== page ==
I think we can go to Mars. I think we can build the technology. And I don't think that Lockmart and Boeing (through NASA) can do it, because their reflexive position is to magnify costs. I suspect that Elon Musk is the most likely force that will push us to Mars, if only because his obsessive motivation towards that goal causes him not to magnify costs, because he realizes that excessive costs will make his goal impossible. I think that the government would do well to divert some of the funds that were headed towards Lockmart/Boeing towards SpaceX instead. They will get better value for their investment.

Comment: Re:lagrange point (Score 4, Informative) 75

At this point, the pull from the earth will cancel out the pull from the sun, and the satellite will effectively stay positioned exactly between the earth and sun as the earth rotates around.

Not quite. From NASA:

The Lagrange Points are positions where the gravitational pull of two large masses precisely equals the centripetal force required for a small object to move with them.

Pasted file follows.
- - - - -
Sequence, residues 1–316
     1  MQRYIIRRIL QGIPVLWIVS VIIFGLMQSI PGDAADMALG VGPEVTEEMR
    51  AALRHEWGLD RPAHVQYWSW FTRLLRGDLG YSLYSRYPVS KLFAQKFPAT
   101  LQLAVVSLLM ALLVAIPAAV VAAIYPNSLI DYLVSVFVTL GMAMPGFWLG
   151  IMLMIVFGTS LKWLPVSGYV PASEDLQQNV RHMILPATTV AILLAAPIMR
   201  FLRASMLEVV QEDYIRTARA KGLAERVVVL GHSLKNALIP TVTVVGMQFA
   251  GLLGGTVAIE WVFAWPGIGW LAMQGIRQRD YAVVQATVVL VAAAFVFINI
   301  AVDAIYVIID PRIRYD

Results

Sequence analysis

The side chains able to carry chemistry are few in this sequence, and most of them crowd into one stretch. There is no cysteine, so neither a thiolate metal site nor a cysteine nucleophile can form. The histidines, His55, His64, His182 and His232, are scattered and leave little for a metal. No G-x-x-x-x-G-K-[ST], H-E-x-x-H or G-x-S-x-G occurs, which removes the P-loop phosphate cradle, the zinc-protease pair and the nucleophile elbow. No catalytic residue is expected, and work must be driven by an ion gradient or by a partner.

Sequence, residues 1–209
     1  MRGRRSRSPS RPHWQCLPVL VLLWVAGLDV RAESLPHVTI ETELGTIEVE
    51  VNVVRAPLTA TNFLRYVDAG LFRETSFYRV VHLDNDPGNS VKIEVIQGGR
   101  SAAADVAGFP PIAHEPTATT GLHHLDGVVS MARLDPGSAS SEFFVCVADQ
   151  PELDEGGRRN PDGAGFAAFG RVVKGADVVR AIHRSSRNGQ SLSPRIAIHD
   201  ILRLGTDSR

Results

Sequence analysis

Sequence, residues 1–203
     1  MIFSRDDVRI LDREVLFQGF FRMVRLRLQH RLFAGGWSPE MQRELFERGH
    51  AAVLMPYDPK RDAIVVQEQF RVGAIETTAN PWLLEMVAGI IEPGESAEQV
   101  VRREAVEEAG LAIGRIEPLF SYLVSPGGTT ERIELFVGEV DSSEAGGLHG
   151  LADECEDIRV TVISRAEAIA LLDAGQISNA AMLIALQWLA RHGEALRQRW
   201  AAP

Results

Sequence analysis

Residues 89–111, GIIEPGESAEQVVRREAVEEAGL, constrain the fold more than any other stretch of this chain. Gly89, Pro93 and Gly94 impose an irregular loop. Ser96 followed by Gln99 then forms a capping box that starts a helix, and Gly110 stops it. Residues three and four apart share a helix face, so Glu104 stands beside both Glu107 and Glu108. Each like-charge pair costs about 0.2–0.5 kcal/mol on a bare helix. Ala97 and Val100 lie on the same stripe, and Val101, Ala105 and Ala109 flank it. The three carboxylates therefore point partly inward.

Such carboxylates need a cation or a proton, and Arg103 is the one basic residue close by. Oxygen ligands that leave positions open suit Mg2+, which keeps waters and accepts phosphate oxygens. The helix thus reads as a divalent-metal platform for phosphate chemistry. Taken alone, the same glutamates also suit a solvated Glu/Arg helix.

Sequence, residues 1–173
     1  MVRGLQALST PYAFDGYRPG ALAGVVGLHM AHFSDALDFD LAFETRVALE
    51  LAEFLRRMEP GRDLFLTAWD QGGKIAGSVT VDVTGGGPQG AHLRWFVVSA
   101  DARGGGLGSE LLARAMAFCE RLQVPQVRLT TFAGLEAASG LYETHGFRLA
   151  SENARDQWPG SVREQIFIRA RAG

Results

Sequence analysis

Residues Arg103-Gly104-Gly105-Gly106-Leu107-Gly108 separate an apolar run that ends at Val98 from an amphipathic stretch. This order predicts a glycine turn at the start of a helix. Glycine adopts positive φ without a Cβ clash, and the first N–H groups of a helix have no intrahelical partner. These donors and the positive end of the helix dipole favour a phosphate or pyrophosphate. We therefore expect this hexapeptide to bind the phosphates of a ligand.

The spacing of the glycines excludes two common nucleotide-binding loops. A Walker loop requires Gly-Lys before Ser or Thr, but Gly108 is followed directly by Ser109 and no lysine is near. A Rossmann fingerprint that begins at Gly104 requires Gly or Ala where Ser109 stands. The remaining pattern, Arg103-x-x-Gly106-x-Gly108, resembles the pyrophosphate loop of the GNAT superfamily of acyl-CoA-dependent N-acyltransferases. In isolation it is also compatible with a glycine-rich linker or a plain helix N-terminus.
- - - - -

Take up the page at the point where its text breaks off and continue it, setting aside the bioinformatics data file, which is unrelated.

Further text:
Lagrangian Point 1 (L1) is located on the line between the Earth and the Sun. At L1, the opposing gravitational force from the Earth partially cancels the force from the Sun, reducing the overall centripetal force. In orbital mechanics, the periods of Sun orbiting objects increase with increasing radius, due to the decreasing gravitational force (lower force, lower acceleration, lower speed, increasing circumference). Because the satellite at L1 feels a weaker centripital force than it would normally experience at that solar orbital radius, it can orbit the Sun at a period of 365.25 days, in spite of being closer to the Sun than the Earth. Thus it maintains its relative position between the Sun and the Earth.

Programming

MIT Randomizes Tasks To Speed Massive Multicore Processors 63

Posted by samzenpus
from the greased-lightning dept.
itwbennett writes Researchers at the Massachusetts Institute of Technology have created a data structure that they claim can help large multicore processors churn through their workloads more effectively. Their trick? Do away with the traditional first-come, first-served work queue and assign tasks more randomly. The SprayList algorithm allows processors with many cores to spread out their work so they don't stumble over one another, creating bottlenecks that hamper performance.

Comment: Re:How did they run out of fluid? (Score 3, Informative) 248

by catchblue22 (#48832873) Attached to: SpaceX Landing Attempt Video Released

Hydraulic systems are in a loop, with the "spent" fluid recirculating back to the reservoir. How did they "run out"?

Where did the fluid go?